has published an insightful article on the pros and cons of employing a celebrity chef in your hotel restaurant. A well-known chef will pull in customers, "whether they are foodies or non-foodies," as a very effective marketing tool.
David G. Benton, vice president and GM of the Rittenhouse Hotel discusses having guests in the kitchen with their previous local celebrity chef, Jim Coleman:
“It gives guests a chance to interact with the chefs and cooks and see the preparation going on. It is like going backstage at the theater. It is a little big magical.” The backstage feeling carries into the dining room “where people would recognize him,” Benton said. “He had a very distinctive voice, and was a very gregarious fellow. People got a thrill interactive with him, asking questions and even commenting about some of his shows.”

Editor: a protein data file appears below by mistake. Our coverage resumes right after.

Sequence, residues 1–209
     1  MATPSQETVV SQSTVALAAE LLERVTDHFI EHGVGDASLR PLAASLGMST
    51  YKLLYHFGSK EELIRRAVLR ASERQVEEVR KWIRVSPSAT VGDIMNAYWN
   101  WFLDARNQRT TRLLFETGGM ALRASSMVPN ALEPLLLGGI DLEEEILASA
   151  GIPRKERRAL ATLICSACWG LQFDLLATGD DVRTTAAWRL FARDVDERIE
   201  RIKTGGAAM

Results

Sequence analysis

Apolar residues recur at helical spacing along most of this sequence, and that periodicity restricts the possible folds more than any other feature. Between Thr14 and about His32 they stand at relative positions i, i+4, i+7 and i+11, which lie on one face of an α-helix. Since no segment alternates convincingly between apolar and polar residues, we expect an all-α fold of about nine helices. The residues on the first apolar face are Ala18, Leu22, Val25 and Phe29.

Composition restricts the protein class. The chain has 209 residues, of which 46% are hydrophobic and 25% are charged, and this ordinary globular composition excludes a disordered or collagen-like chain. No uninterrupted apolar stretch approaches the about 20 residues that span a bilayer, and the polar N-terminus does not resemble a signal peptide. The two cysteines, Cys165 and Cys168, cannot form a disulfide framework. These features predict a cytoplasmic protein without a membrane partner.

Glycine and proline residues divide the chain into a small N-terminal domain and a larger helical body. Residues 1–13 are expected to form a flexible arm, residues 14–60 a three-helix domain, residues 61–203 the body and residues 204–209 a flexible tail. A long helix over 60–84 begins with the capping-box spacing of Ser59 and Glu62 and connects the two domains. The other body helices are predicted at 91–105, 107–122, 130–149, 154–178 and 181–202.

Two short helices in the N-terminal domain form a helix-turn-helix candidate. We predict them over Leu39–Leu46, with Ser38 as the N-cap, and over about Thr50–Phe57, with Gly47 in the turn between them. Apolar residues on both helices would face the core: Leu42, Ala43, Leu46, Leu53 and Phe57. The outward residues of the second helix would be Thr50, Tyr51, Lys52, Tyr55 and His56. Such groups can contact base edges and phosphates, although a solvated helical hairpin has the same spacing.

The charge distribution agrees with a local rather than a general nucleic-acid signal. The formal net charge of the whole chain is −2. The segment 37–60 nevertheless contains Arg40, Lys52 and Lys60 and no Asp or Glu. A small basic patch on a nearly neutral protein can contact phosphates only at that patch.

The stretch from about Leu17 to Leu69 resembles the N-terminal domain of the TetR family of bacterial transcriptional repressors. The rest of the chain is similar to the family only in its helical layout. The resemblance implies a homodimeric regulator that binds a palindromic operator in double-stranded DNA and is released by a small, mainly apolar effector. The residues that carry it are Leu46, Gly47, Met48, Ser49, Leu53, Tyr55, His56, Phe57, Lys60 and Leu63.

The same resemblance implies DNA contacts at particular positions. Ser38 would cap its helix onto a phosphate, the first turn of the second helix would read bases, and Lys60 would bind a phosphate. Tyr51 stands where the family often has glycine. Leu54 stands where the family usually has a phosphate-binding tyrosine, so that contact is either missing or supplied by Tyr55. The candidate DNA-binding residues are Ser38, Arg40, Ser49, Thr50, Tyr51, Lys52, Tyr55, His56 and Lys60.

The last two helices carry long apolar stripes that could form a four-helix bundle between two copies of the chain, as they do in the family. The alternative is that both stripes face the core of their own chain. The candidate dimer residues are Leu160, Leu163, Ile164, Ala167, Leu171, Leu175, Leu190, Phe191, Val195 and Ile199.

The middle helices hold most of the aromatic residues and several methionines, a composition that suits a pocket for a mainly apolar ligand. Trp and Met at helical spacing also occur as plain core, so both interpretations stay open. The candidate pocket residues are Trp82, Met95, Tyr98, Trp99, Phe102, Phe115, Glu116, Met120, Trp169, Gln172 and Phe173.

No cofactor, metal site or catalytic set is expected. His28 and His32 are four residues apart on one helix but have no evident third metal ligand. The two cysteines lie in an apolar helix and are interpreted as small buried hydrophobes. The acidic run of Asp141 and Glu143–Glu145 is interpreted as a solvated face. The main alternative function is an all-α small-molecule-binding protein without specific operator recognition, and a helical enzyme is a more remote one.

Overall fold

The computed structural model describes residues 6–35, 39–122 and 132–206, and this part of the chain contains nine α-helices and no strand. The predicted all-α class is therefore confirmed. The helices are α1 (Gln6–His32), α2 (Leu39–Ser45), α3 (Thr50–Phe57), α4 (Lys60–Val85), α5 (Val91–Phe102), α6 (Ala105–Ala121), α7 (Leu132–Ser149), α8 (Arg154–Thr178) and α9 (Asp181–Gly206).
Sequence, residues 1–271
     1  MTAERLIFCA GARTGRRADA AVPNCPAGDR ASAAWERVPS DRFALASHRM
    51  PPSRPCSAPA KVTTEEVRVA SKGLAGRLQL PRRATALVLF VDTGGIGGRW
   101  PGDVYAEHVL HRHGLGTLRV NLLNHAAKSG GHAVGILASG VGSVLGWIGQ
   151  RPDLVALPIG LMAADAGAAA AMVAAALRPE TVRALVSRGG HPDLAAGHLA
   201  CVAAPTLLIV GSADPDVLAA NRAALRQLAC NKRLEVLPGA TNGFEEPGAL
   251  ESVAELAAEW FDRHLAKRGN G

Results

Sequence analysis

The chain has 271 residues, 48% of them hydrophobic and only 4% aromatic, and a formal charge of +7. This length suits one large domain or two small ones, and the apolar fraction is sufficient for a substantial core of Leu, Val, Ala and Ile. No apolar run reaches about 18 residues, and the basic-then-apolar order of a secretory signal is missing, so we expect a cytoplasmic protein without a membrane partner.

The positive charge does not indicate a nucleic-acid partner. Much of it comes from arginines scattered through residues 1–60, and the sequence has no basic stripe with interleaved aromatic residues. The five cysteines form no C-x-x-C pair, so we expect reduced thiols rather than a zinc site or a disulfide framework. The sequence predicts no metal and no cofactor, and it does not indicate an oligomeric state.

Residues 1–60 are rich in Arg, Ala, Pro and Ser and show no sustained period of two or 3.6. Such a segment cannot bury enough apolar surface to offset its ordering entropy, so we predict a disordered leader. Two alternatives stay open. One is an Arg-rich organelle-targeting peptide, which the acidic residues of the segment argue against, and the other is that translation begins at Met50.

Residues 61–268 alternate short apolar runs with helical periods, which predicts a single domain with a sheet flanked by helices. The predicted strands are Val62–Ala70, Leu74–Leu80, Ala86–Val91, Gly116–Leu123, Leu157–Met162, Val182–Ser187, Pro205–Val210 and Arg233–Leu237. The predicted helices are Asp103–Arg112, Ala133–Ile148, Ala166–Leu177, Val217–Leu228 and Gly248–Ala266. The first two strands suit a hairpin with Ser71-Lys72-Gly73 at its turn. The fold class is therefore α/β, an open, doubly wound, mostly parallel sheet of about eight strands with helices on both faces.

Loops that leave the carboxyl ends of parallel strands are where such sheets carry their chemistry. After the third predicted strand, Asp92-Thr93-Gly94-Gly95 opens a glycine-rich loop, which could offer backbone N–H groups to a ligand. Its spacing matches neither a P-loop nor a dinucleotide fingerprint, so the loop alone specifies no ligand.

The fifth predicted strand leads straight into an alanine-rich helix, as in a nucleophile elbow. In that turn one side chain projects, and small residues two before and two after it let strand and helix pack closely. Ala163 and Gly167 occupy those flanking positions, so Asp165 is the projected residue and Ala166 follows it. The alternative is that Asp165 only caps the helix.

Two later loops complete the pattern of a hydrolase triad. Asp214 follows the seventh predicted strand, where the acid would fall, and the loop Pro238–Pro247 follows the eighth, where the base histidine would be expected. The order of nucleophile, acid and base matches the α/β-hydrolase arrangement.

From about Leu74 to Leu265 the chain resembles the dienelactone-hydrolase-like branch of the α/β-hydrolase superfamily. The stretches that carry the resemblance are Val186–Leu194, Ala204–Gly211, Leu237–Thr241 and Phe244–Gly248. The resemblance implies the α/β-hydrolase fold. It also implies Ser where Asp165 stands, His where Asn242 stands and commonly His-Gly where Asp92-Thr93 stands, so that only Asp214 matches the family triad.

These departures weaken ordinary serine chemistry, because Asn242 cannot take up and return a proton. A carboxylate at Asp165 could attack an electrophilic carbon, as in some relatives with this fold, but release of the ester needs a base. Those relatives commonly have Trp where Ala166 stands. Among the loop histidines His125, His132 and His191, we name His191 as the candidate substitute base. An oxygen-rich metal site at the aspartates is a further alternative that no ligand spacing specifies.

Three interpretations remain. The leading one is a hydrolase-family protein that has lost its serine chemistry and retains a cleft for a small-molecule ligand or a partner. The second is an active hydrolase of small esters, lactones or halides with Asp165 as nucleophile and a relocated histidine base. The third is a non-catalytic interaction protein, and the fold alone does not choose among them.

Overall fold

But hiring celebrity in the kitchen can introduce its own issues. GigaChef's Brad Barnes, CMC was quoted throughout the article, at one point saying:
“Some people are doing it very smart. But a lot of hotels have gotten into trouble with this as well. There are two sides.” Celebrity presence may be great for bringing in spending customers, but they don't always have the perfect skill set for managing big hotel food operations. Chef Brad goes on to say "if you are going to run a nice restaurant, do your great work, but we [the hotel staff] need to run the other nuts and bolts. That is what the successful ones are doing.” This can, in effect, create two structures that are similar ("parallel" in many ways), and is often the answer to getting the best of both worlds.
Be sure to check out the whole article
for the detailed explanation, it's a great quick read.